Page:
4. Following proper guides, like what iFixit provide will help many average joes to do it properly. Like I said before, it's more 3rd party repair shops behind this movement, there are many components, especially on the iPhone that cannon be replaced by a normal consumer, or a experienced repair tech, like myself, only Apple has the equipment to do so. It's called hardware and software locks. Fingerprint scanners, GPUs on the MacBook, baseband, etc. There are many other companies that do similar practices, Apple is the worst. The inability to get proper parts, schematics, board views, that's what makes it even more difficult or impossible Just take a look Luis Rossmann! Linus did a video with him, he has a lot to say on the topic.
  5. That's where 3rd party repair tech and shops come in, they (we) are the ones behind this movement.
  6. I'm afraid it's much more than Tractors, and John Deere. Apple is a pretty bad one at that. https://repair.org/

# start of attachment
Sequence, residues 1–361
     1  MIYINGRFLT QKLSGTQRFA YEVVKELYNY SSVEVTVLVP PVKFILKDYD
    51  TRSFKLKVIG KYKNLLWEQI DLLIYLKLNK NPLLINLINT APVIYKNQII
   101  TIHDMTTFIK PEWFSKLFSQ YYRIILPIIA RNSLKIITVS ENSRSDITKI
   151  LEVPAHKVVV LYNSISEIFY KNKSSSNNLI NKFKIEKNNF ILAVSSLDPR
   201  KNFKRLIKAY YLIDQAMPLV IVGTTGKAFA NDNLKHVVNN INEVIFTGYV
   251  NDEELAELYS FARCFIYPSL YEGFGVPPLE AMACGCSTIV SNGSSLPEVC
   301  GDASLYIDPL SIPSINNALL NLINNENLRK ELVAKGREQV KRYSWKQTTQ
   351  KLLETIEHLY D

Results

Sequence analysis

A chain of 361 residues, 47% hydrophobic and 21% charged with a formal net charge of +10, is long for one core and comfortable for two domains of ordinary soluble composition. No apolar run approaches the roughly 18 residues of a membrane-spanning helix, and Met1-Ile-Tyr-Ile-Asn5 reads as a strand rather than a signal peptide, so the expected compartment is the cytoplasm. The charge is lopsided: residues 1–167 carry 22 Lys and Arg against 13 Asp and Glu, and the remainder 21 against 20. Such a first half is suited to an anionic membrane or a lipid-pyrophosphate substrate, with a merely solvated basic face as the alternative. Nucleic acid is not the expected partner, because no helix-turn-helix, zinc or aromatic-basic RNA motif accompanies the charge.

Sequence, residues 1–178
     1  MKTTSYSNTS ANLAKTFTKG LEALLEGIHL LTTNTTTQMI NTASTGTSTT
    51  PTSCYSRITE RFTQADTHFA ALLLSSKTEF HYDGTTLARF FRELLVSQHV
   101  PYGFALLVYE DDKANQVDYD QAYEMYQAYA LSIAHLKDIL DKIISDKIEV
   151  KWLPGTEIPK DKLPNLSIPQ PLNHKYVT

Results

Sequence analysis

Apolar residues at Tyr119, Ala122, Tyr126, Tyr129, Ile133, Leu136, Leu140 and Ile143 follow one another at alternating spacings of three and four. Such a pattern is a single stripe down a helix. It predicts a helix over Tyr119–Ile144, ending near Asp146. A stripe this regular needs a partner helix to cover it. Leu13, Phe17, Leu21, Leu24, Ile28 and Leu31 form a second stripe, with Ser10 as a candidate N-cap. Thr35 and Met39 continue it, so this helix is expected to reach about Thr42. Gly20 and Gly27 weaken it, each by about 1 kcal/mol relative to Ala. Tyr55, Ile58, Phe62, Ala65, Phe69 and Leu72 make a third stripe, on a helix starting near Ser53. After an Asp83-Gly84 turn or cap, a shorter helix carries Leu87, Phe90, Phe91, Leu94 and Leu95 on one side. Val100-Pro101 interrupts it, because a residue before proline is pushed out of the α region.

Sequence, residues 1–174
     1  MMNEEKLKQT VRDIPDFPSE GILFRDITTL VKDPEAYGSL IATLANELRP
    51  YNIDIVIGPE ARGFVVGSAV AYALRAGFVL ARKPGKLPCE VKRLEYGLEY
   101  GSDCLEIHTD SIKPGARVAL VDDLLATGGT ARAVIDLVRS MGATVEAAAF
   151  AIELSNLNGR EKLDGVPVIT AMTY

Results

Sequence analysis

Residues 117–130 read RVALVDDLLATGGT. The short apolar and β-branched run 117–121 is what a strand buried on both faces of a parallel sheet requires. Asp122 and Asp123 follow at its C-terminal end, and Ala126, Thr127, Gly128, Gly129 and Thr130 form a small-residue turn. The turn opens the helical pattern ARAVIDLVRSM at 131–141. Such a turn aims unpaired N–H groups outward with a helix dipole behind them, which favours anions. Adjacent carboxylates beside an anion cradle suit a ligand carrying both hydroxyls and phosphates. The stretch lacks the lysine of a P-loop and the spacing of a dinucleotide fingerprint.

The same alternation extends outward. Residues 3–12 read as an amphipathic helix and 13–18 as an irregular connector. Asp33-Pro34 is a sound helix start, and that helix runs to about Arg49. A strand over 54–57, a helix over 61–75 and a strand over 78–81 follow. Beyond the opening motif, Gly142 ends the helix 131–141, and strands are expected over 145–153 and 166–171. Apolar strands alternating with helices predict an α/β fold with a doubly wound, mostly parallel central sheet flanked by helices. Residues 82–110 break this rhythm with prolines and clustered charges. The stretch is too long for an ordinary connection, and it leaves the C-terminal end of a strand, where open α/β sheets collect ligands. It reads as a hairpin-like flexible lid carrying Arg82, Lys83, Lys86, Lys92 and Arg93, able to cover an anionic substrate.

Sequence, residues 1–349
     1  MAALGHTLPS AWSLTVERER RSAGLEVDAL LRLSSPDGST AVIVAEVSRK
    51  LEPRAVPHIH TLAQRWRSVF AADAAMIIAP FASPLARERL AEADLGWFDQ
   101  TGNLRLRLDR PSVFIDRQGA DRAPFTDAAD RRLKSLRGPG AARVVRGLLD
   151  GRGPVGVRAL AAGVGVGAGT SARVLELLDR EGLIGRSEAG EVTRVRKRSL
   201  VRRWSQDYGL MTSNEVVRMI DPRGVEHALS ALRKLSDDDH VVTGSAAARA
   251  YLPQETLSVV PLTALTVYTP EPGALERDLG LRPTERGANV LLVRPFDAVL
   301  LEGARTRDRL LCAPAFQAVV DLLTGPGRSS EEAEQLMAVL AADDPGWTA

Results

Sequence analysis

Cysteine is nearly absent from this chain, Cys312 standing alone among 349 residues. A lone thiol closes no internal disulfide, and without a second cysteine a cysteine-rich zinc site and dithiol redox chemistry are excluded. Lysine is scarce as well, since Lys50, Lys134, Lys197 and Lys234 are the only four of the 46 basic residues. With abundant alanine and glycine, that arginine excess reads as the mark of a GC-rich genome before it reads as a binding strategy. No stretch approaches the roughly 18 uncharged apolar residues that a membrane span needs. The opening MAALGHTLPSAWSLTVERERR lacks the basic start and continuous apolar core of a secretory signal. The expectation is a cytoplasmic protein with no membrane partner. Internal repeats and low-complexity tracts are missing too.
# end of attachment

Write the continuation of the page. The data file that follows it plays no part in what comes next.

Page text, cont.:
7. Can you give me a link? Every time there is news, I hope to hear it on WAN show, but nothing.
  8. Yup, and it's a worldwide thing. Same devices, same companies, same issues.
  9. The fight for the Right to Repair continues! As many as 12 states in the USA have brought forth bills to force manufactures to create more repairable products, no software locks, and create a less disposable world. I actually did a video on this, but I can't post it here since it promotes another channel. Companies like iFixit, one of the voices behind the Right to Repair movement, and a sponsor of LTT, will (and do) rejoice at news like this. Oddly enough, Linus Tech Tips has never mentioned anything about the Right to Repair movement, kinda frustrating actually. Either the don't care, (which I doubt) or one of their sponsors has them in a contract to not mention it. I'd encourage them to end the relationship. EU lawmakers call for a right to repair electronic equipment https://www.cio.com.au/article/621424/eu-lawmakers-call-right-repair-electronic-equipment/?utm_medium=rss&utm_source=taxonomyfeed
  10. I'm not, my last post got removed for some reason.
  11. Odd, my last post got removed or something. There is a topic that I've noticed LTT never mentions, and that is the ability to repair devices, stuff like phones, especially iPhones! I decided to make my own channel to talk about just that! Sorry for the click bait title! [Video removed]